Before and After Study of the A14 Trunk Road
EMMERSON P and PAULLEY N, Transport Research Laboratory, and KOVACEVIC V, Highways Agency, and SMITH R, Department of Transport, UK
This paper reports on a 'before-and-after' study conducted for the Department of Transport as part of a programme of work investigating the range and extent of responses to the provision of new infrastructure. These responses could include re-routing of t
This paper reports on a 'before-and-after' study conducted for the Department of Transport as part of a programme of work investigating the range and extent of responses to the provision of new infrastructure. These responses could include re-routing of trips, re-timing of trips, changes in mode, changes in trip distribution (origins or destinations) and changes in trip frequency (increases or decreases), including entirely new trips.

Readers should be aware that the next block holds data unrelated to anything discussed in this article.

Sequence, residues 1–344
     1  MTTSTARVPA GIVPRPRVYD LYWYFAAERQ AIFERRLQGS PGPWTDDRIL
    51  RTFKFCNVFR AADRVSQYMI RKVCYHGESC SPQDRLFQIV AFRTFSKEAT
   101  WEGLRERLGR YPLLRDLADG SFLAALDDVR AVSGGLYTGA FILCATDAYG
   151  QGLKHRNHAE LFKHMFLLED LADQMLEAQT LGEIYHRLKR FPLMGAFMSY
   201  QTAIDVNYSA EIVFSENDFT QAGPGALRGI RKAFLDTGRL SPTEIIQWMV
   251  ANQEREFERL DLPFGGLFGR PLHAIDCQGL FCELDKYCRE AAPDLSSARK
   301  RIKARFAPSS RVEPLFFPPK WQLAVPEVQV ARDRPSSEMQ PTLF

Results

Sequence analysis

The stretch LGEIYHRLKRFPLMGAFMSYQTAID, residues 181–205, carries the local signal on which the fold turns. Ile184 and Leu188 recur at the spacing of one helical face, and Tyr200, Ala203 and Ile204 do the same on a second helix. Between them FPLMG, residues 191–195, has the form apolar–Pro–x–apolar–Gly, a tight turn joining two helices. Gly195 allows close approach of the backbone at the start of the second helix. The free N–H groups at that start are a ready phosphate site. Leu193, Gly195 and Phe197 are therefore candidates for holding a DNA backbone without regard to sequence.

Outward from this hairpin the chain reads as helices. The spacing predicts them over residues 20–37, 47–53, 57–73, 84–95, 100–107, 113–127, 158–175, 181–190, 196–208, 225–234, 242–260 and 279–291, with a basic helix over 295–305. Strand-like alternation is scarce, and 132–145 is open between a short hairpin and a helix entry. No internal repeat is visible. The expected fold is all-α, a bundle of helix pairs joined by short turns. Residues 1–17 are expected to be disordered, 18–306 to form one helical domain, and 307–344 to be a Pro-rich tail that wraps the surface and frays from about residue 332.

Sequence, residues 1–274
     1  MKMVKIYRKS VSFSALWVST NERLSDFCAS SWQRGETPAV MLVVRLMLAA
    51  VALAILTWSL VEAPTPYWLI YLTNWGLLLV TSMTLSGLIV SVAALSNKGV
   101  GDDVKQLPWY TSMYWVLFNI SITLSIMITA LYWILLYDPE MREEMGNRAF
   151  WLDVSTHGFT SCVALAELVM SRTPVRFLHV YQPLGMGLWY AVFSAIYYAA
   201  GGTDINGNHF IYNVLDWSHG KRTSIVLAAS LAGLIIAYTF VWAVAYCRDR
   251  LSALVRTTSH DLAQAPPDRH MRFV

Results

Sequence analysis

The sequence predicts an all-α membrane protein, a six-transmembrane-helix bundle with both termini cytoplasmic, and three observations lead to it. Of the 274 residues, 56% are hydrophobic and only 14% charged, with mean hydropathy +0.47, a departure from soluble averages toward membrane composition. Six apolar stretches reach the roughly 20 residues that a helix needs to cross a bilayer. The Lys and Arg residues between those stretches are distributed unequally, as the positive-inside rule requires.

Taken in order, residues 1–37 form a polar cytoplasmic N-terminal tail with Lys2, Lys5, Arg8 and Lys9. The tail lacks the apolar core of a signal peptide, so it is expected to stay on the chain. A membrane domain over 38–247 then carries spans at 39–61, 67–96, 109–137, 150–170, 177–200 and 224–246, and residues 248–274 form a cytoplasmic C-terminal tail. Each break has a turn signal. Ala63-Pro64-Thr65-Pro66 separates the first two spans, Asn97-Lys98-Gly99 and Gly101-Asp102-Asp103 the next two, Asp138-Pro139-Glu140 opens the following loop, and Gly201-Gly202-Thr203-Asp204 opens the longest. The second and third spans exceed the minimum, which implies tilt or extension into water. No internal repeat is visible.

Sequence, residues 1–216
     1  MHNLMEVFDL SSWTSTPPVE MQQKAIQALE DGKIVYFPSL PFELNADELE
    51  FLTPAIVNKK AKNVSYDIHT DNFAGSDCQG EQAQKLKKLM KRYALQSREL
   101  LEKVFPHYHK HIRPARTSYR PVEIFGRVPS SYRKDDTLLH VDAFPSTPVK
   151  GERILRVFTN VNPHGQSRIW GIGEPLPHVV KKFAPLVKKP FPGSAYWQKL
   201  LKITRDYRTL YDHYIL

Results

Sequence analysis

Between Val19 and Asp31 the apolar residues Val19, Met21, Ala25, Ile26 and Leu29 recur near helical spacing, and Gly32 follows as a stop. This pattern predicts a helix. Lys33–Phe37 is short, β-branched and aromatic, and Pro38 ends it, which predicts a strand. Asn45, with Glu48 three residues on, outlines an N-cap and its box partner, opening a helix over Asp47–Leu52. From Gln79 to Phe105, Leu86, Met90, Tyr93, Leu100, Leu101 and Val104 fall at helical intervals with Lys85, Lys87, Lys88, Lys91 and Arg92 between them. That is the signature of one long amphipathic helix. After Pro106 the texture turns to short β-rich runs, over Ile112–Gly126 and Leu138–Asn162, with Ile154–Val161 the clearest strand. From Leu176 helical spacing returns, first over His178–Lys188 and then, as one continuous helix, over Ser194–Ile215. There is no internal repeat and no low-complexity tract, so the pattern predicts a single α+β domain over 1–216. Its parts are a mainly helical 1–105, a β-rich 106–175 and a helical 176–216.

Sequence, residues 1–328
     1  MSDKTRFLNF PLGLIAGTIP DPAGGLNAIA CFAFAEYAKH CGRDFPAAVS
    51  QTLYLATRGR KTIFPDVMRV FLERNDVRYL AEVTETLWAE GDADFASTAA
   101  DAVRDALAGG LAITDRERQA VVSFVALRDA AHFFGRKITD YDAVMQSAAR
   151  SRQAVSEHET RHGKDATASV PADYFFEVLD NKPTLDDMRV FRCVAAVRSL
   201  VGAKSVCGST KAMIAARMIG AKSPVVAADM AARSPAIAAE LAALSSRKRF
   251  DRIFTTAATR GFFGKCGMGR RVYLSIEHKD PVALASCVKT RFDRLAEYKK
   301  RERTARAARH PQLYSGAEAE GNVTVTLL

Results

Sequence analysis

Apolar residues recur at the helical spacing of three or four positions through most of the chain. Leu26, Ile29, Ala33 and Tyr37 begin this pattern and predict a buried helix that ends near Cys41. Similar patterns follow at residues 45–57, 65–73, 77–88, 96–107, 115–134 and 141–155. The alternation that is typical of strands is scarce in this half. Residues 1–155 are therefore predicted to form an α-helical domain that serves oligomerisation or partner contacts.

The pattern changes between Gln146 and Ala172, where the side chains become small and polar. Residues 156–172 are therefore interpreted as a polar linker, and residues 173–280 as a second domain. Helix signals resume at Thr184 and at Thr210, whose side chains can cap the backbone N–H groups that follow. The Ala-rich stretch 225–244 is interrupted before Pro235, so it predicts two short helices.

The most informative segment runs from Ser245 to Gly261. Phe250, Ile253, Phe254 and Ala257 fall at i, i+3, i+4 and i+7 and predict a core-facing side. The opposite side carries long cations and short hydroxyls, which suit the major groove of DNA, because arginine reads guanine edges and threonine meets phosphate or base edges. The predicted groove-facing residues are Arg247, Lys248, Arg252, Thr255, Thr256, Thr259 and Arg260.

On the 15th July 1994 the final (western) section of the A1/M1 link (A14) was opened. This 22 mile (35 kilometre) section of the road, from Rothwell west of Kettering to the M1/M6 junction at Catthorpe on the M1, completed the link between East Anglia and the M1 (the eastern end of the road being then known as the A604). Thus there is now a high standard dual-carriageway route from the North-West and the West Midlands all the way to the East Coast Ports of Felixstowe and Ipswich (distances of 150 miles (240 kilometres) or more). The A14 is largely grade separated with infrequent junctions.
It was considered that the opening of such a significant new long-distance route would be certain to have a considerable effect on traffic flows over a wide area. It was felt that a study of the impacts of the scheme would be useful as it would extend the type of infrastructure improvements being investigated under the Department's overall programme on the responses to congestion.
This paper concentrates on the identification of the major changes that have occurred, and especially on the evidence for the relative effects of re-assignment and any possible trip inducement one year after opening. Some longer-term analysis could be undertaken over the next few years.
Association for European Transport